K 2010, the triennial event and highlight of the plastic industries calendar will be held at the Messe Dusseldorf in Germany this year. Occurring every three years the 2010 version will run for a week from Wednesday 27th October to 3rd November and promises to be a great show with many top companies unveiling their best and latest innovations for the plastics industry for the first time at this event. Two such companies that are keen to highlight and showcase a variety of the advancements they have both made in their respective fields of heating technology for the plastics industry are Ceramicx and Freek.
Ceramicxs infrared heating technology and infrared heating systems have greatly helped improve profits and efficiency for the plastics thermoforming industry through their continually developed infrared heating systems and heaters and through their engineers who have always found more ways to improve developments in their infrared heating systems for plastic thermoforming. At K 2010 all of their latest developments in this field will be on show as well as a variety of their infrared heaters.
The other company all geared up for K 2010 is Friedr Freek, German heating experts, who will also be showcasing their latest heating innovations and wares with their stand partner Ceramicx. Freek have most heating bases covered when it comes to issues of injection moulding heating, hot runners and other systems. At K 2010, Freek will be displaying an extensive product range that includes items such as Nozzle Heaters (HotMicroCoils); Cartridge heaters; Tubular heaters; IR elements; flat heating elements (panel heaters) in mica, silicon (incl. drum heaters), polyester as well as kapton, thermosensors and temperature controllers to name just a few of their many products.
The exciting innovations to come from heating experts Ceramicx and Freek informative and worthwhile exhibition make a trip to their combined stand at the K show an exciting option this autumn.
Posted in Thermoforming news
Tagged Ceramicx, Friedr Freek, infrared heaters, Infrared heating innovations, infrared heating technology, k 2010, kshow, plastics exhibition, plastics industry, plastics thermoforming, thermoforming heater, thermoforming industry
ATP or Associated Packaging Technologies Inc. as it is known, one of the world’s leading processors of crystallized polyethylene terephthalate (CPET) trays, has been acquired up by Sonoco, one of the world’s largest packaging processors at a cost of $120 million (which includes the price of paying off the various obligations of APT)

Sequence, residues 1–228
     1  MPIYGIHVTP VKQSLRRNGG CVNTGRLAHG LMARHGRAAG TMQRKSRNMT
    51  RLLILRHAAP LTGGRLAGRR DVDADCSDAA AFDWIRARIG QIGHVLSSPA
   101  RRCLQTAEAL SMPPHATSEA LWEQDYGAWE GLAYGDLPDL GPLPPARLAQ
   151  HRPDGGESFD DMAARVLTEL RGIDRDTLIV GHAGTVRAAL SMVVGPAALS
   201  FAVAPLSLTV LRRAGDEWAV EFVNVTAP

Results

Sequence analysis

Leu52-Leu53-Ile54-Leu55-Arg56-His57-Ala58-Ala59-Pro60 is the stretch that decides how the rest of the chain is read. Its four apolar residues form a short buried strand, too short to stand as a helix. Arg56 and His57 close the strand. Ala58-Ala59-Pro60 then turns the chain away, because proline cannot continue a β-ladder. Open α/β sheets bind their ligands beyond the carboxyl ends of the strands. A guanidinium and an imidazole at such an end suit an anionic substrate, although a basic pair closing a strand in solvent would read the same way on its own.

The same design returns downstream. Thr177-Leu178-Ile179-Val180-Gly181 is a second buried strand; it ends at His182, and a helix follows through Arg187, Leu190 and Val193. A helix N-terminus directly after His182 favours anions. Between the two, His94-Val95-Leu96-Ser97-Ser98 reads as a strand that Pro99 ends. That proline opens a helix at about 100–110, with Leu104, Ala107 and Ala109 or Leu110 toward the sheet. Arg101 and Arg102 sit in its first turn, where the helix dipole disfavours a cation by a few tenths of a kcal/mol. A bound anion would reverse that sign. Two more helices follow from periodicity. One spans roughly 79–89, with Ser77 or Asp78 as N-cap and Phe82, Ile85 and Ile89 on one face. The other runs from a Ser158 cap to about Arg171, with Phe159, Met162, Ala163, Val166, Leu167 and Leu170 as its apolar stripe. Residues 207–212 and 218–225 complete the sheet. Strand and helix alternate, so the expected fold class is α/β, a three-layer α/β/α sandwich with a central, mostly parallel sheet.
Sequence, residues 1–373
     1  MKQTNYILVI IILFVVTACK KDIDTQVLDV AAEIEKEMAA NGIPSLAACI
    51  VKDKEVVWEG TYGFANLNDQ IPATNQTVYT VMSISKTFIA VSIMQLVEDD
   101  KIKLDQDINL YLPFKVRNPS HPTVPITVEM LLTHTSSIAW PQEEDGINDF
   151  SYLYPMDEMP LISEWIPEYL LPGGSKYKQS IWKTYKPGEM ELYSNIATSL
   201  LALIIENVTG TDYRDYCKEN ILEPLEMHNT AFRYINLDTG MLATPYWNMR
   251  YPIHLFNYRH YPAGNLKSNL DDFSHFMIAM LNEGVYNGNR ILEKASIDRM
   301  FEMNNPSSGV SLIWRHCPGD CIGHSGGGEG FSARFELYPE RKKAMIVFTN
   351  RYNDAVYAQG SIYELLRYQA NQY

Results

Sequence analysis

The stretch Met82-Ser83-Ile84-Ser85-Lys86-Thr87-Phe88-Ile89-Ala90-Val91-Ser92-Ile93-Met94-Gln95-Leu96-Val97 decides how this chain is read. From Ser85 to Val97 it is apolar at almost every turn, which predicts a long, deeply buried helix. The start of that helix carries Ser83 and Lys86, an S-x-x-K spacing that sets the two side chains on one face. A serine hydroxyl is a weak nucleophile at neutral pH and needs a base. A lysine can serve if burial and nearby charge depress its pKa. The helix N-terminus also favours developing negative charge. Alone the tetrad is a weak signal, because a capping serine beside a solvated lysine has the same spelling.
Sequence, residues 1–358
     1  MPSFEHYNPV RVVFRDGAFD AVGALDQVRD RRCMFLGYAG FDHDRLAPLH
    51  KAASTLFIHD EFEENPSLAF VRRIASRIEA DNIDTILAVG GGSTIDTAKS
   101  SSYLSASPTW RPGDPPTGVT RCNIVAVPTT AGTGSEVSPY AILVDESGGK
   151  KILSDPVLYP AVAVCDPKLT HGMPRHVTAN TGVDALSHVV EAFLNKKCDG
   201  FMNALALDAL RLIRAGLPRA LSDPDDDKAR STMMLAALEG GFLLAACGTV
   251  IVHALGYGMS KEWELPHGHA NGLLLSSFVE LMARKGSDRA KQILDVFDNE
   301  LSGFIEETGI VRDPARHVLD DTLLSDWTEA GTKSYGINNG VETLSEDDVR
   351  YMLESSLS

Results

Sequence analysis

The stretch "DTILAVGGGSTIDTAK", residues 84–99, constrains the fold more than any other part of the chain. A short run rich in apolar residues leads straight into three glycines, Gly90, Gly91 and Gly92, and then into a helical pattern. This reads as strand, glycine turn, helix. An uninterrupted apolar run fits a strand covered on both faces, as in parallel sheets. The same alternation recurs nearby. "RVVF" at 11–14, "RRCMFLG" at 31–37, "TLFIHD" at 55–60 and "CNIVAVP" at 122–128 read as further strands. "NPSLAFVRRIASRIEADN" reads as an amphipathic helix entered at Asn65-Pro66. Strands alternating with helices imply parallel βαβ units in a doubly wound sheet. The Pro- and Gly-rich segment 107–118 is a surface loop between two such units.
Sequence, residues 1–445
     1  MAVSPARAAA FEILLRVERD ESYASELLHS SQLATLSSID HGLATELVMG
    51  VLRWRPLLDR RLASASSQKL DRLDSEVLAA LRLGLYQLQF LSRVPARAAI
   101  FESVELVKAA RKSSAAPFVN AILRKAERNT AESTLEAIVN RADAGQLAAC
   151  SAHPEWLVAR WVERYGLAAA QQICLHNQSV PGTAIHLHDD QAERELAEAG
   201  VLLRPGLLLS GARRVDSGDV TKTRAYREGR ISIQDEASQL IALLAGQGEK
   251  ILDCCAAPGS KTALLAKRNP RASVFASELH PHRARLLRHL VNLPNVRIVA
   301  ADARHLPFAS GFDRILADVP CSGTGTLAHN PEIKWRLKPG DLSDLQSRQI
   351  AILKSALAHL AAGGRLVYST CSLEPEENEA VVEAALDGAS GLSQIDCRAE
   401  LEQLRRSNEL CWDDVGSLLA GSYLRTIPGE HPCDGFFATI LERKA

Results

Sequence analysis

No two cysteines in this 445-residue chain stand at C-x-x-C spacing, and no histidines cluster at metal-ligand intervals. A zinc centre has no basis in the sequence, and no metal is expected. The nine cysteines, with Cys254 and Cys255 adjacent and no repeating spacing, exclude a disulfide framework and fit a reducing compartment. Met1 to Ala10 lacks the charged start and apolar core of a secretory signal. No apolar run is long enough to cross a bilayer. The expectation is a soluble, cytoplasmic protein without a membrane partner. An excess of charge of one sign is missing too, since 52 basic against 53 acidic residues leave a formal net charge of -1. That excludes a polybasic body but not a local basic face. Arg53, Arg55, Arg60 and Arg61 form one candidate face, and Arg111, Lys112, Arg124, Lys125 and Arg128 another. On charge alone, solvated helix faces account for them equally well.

Previously majority owned by investment funds controlled by Castle Harlan Inc and founded in 1993 APT is a leading provider of dual-ovenable (used in both ovens and microwaves), food packaging that serves the frozen food industry in North America, Europe and Australia/New Zealand. It runs state of the art CPET thermoforming facilities at two sites in the U.S.(Chillicothe, MO, and Waynesville, NC), as well as one site in Cambridge, Ontario, Canada and another at Carrickmacross, Ireland, and employs more than 400 workers. APT’s capacity is enough to process some 3 billion CPET containers annually; it standardizes on extrusion machinery from Davis-Standard and thermoformers from Lyle.
Last year it had announced it was adding polypropylene and multi-layer film extrusion and thermoforming capacity to its Canadian facility thereby raising its capacity there by about 8 million lb/year. It also was the first processor in the U.S. to thermoform frozen meal trays incorporating post-consumer recycled plastic.
This acquisition is expected to be modestly accretive this year with annualized sales of approximately $150 million.
Developed last year by GN Thermoforming Equipment, the tool-specific heater platen is one of the first heating platens designed for contact-heat, cut-in-place thermoforming machines. It gives higher output, better product clarity, and quicker tool changeovers for large-volume applications.
This heater platen helps reduce cycle time by 20% to 30% with greater product clarity. The quicker forming times allows for a more consistent material distribution and it’s designed to match a specific tool through pre-engineering heater and air channel locations within it to optimize the process.
Each dedicated heater platen has a specific cut plate that matches the design of the tool cutting die layout.